The iPhone 15 now comes with a USB-C port, as do the wired earbuds that came in the box. Nothing strange about that. Something perhaps more unexpected? Apple’s $19 USB-C EarPods appear to support lossless audio playback that works with Apple Music.
This is according to testing conducted by our friends at Makotakara today. Their testing shows that the EarPods USB-C have 16-bit/44.1kHz to 24-bit/48kHz support including lossless audio compatibility.
EarPods, remember them?
Of course, it’s easy to forget about EarPods in the age of AirPods. And disassembling them from the iPhone box in order to reduce waste also makes the EarPods a bit forgettable.
EarPods replaced Apple’s less prominent earbuds when the iPhone 5 debuted in 2012 — and coincidentally, the previous iPhone’s port has changed. The EarPods were revised in 2016 to replace the 3.5mm connector with a Lightning connector when the iPhone 7 dropped the headphone port.
Apple later dropped the headphone jack from USB-C iPads starting in 2018, but sold the USB-C to 3.5mm adapter and not the USB-C EarPods. Now that the iPhone 15 has moved on from Lightning, USB-C EarPods are here to enjoy on any iPhone, iPad, or Mac with a USB-C port. Apple confirms this on its product page for the new earbuds.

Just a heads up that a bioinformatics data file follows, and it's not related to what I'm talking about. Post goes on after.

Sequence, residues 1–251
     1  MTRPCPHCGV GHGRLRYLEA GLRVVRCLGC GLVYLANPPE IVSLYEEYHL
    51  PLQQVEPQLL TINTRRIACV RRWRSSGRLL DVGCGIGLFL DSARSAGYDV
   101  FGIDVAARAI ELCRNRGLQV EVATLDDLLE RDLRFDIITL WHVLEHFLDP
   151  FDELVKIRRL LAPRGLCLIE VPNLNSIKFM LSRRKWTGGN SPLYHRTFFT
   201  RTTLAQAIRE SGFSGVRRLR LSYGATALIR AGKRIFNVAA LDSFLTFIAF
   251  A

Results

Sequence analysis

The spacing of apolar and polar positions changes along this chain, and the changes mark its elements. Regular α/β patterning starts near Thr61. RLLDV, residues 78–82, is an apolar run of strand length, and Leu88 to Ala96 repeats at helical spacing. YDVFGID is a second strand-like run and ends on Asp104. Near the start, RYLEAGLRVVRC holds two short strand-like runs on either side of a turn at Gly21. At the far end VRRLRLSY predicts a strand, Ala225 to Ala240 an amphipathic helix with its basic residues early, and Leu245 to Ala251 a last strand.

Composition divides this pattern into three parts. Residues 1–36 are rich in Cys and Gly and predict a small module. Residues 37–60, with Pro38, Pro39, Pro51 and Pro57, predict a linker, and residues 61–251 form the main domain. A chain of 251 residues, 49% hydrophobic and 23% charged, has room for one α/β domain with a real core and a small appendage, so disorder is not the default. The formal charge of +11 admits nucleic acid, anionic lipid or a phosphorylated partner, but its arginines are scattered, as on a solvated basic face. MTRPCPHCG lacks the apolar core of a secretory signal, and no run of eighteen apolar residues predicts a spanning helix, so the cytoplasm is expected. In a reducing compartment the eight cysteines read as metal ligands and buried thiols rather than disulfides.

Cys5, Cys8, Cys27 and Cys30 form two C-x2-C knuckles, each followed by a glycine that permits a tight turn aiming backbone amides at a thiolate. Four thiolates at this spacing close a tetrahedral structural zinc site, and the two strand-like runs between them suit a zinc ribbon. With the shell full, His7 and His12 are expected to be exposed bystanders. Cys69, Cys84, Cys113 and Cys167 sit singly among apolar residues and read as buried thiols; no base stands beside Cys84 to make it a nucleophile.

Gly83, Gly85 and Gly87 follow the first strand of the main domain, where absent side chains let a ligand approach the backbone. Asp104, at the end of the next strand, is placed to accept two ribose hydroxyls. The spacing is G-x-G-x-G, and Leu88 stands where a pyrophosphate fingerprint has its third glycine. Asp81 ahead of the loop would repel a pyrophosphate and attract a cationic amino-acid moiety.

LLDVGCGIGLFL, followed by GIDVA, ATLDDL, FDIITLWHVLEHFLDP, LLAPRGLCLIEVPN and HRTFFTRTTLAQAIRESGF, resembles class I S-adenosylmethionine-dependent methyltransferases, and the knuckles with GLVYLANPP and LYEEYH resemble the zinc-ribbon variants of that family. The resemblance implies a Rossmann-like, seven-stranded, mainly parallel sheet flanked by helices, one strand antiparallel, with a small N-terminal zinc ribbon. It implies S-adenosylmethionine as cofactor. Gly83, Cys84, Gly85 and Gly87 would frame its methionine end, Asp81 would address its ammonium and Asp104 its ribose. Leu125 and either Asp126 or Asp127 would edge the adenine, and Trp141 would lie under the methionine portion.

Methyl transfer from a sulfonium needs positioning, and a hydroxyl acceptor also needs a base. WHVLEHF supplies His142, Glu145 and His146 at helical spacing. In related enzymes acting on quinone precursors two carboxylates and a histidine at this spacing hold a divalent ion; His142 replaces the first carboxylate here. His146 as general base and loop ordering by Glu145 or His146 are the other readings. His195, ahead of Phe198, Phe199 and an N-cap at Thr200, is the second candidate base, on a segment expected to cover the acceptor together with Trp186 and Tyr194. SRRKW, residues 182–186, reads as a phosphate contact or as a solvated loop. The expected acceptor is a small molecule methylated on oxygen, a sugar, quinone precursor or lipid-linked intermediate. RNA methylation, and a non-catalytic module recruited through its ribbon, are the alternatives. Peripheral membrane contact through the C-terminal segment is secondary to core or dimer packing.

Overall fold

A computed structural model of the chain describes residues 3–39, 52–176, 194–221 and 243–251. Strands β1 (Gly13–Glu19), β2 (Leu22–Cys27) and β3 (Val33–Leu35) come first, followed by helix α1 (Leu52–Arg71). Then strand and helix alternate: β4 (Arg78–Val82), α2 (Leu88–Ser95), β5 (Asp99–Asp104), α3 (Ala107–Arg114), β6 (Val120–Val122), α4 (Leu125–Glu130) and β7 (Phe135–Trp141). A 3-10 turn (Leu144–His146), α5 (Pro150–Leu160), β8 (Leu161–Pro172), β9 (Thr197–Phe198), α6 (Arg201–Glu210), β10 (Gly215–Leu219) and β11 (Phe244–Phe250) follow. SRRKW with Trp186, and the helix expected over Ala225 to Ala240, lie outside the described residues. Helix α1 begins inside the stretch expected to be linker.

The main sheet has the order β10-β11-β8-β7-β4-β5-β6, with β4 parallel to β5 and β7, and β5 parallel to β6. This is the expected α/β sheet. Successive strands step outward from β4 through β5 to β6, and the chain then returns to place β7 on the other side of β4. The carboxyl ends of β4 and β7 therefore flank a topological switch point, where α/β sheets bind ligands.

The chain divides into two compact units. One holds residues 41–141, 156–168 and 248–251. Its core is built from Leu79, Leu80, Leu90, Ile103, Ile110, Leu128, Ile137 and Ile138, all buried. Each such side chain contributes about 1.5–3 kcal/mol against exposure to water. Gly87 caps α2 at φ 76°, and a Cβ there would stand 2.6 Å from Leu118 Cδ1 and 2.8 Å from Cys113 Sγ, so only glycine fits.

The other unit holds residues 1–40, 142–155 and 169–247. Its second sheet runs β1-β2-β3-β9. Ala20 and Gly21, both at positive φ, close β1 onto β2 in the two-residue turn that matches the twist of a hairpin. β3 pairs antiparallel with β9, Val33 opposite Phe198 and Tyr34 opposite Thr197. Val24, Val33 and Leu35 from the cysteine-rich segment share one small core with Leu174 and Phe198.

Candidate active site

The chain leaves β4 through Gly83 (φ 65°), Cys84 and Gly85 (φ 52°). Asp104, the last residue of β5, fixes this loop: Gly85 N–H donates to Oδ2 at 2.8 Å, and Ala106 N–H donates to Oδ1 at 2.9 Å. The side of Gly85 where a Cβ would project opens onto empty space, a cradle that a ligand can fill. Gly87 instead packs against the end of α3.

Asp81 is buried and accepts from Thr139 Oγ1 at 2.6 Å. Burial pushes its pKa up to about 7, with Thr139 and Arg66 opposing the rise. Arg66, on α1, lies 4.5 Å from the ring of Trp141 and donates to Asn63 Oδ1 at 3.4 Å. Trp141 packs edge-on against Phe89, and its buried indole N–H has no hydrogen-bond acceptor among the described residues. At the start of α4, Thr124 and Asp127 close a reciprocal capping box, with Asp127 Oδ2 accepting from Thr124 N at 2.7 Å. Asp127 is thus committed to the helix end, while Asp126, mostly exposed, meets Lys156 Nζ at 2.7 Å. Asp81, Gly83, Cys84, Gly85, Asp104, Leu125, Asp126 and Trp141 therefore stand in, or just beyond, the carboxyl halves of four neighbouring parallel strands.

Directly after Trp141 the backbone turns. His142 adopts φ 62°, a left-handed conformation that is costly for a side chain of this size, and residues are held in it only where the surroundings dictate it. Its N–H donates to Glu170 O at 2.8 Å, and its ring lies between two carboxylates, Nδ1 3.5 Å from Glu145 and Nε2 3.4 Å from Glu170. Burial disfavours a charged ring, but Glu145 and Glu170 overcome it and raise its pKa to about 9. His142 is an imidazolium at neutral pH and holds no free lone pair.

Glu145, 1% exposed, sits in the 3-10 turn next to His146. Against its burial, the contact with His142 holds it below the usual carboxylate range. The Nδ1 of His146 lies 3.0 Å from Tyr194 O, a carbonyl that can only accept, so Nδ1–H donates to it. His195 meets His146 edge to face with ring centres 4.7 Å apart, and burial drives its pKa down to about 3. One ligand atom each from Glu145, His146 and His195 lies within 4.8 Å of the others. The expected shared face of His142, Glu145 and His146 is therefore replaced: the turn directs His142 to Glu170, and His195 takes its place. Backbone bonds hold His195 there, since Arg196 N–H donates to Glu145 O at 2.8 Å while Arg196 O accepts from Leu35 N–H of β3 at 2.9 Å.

But what’s new is this revelation Makotakara EarPods with a USB-C port support audio playback without data loss. From the site (slightly modified machine learning translation):
When I connected the EarPods (USB-C) to my MacBook Air (M1, 2020) and checked the Audio MIDI settings, the EarPods (USB-C) averaged 16-bit/44.1kHz to 24-bit. I was able to confirm that it is equipped with a DAC that supports 48kHz.
Apple Music’s lossless audio is “Lossless: maximum resolution 24-bit/48 kHz” and “Lossless High-Res: maximum resolution 24-bit/192 kHz”, so EarPods (USB-C) are not playable. For loss. I was able to confirm that it is compatible.
So this is it. The revised AirPods Pro 2 with USB-C charging support lossless audio when used with Apple’s upcoming $3,499 Vision Pro headphone, and the $19 wired EarPods with lossless USB-C support as well.
For higher volume sound, the new Beats Studio Pro headphones Support lossless via USB-C as well. Apple AirPods Max at $549 with Lightning? Not much, but we have high hopes for the first review which will hopefully happen next year.
Apple Music has, of course, supported Lossless at no extra charge for a while now. Meanwhile, Spotify promises that a “no loss” service will one day come for those who want to pay.
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